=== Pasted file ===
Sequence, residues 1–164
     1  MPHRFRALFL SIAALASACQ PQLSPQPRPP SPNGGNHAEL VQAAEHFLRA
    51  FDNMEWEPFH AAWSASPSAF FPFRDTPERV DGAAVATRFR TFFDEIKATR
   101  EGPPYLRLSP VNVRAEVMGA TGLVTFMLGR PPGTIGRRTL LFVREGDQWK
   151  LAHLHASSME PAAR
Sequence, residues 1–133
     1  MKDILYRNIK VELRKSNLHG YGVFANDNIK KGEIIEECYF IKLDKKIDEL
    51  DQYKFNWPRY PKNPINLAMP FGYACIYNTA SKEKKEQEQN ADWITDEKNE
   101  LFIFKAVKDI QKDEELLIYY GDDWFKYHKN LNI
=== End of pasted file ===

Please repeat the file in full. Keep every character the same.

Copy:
Sequence, residues 1–164
     1  MPHRFRALFL SIAALASACQ PQLSPQPRPP SPNGGNHAEL VQAAEHFLRA
    51  FDNMEWEPFH AAWSASPSAF FPFRDTPERV DGAAVATRFR TFFDEIKATR
   101  EGPPYLRLSP VNVRAEVMGA TGLVTFMLGR PPGTIGRRTL LFVREGDQWK
   151  LAHLHASSME PAAR
Sequence, residues 1–133
     1  MKDILYRNIK VELRKSNLHG YGVFANDNIK KGEIIEECYF IKLDKKIDEL
    51  DQYKFNWPRY PKNPINLAMP FGYACIYNTA SKEKKEQEQN ADWITDEKNE
   101  LFIFKAVKDI QKDEELLIYY GDDWFKYHKN LNI